27th November
written by Todd Harrison

G35 LED Christmas Light Review and Teardown

In this write up & video I review the “GE Color Effects” G35 multi colored LED Christmas lights 50 count. I will cover product details, hanging hints and show a teardown and give some links to great hacks at the end.

UPDATE 11/30/2012: My new video “G35 LED Christmas Lights – A Simple Parallel Sync Hack

UPDATE: new links to other hackers at the end of this post!!!

You get to pick from 14 sequence patterns using a wireless controller.  Hacking these lights using Arduino is already very popular so I will be linking to some good hack posts below. In a later video I will be trying some of the known hacks and some of my own.

Link to the GE product page for these lights

In the box you get the below:

40.8 feet of lights
50 lights spaced at 10 inches
50 rain gutter clips, 50 base clips
Radio controller with 14 light patters


The light patterns are labeled on the back of the remote. Very nice touch but the 14 options are not very good. They all blink or change or race too fast. I would have much preferred a softer mood with solid color options or slower changing effects.  These lights just must be hacked!

And you get a switch mode power supply 120v AC 0.4A to 5v DC 3A (later in the post I show that these rating are more than enough).


I got my lights on sale back in August at Costco for ~$60 but these 50 count lights can run from $100 to $120 on Amazon.  There are other light counts and light styles in the “GE Color Effects” product line. (See above product page link for such details).

First let’s cover hanging. I was very surprised at how much care and thought was put into the hangers, which are included. You can use the hangers in several ways, either with or without the rain gutter clips.

I don’t have rain cutters so I screwed these base snaps to the underside of my fascia boards.

It was easier for me to sit at my bench and pre-screw the 50 clips with a short pan-head screw.

I then used an 11 inch board with a nail driven though each end spaced at exactly 10 inches.  I used this jig to mark off the 10 inches between each clip.  If you use bigger nails and give the jig a whack with a hammer when marking off, you will get nice pilot holes too.

Even using this jig it was very slow going putting up 150 clips.  I experimented with other ideas and the only other option for my wood fascia board would have been to use the rain gutter clips with some staples. I found that Arrows T-25 cable staples and cable stapler worked just great. These rounded staples leave just enough room to slide the clips in and out.

I also tried square staples but they didn’t work at all. They drive too deep or too shallow and there was no good way to make the square staples work.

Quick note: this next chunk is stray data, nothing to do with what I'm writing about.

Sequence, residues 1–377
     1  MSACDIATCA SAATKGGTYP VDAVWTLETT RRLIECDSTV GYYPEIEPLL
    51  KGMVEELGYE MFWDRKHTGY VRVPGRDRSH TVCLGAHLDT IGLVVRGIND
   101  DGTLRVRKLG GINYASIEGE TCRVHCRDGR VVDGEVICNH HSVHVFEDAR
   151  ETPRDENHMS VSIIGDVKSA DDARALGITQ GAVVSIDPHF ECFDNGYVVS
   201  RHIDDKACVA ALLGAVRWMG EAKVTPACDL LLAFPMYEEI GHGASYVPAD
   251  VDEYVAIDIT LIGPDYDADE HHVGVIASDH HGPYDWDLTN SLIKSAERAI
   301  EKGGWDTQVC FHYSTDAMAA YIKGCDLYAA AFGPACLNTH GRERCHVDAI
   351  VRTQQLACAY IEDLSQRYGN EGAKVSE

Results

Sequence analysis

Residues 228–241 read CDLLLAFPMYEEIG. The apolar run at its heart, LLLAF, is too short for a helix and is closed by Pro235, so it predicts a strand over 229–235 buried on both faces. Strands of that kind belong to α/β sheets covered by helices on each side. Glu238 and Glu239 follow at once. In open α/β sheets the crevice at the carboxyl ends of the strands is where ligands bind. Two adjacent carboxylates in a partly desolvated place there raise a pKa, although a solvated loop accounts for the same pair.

Between the rounded cable staples and the screws I picked the screws as seen on the right side of the below photo.

I liked the screw method because the wires are harder to see when you screw the base clips directly to the bottom of the fascia boards.

This is my house with 150 lights. Not easy taking photos in the dark. They are very bright, much brighter than you can tell in this photo. I must say I love how big and bright they are but I will have to hack these lights to get better color effects and timing.

Now let’s take some measurements and take a look inside these lights. When connected to my bench supply at 5v none of the light patterns took more than 1.75A which was solid white.  All the other patterns ran from 0.89A to 1.47A so this is way under the 3A switch mode power supply that comers with each light strand.
I can’t set all the lights to be solid but I was able to pick a slow enough race pattern that would race all the colors to one color before switching to the next color. Just as the 50 lights all got to a single color I would record the amps on my bench supply. Here is what I got.

Red 0.91A
Blue dark 1.2A
Blue light 1.4A
Green 0.89A
Purple 1.46A
Yellow 1.47A
White 1.75A

And the 120v AC amps when set to solid white for all 50 lights came to 0.209A, also way under the power supplies rating of 0.4 amps.  So these lights come with very good rated power supplies for the loads they will be powering.  This also means that running these lights is even less then I thought at 25.08 Watts.  WOW that’s less power than a single old style night light for the whole strand including the controller.

The plastic crystal defusing covers just pop right off giving you a good view of the surface mounted RGB colored LED in a sealed clear plastic case.

Here is a close up where you can see the PCB and the silk screen labeling. You can clearly see where the three wires come into each PCB. The two outside wires are for 5v power and ground and the middle wire is the data line that transmits the color codes to each LED.

Opening up the control box reveals a single sided board with a radio control daughter board on the back side. Here are some close ups.

The black blob is a “Chip on board” where they glue a chip die directly to the PCB, wire bond from the die to the PCB and then seal it all up with a blob of epoxy/resin.  It is a very cheap way to mass produce a product but I find it strange they also have a micro controller on the board.

The micro controller is the surface mount SOP-20 chip (20 pins) by MEGAWIN. Here is the datasheet. http://www.megawin.com.tw/megawin_EN/UploadFiles/MG87FEL2051_4051_6051_DS_v103.pdf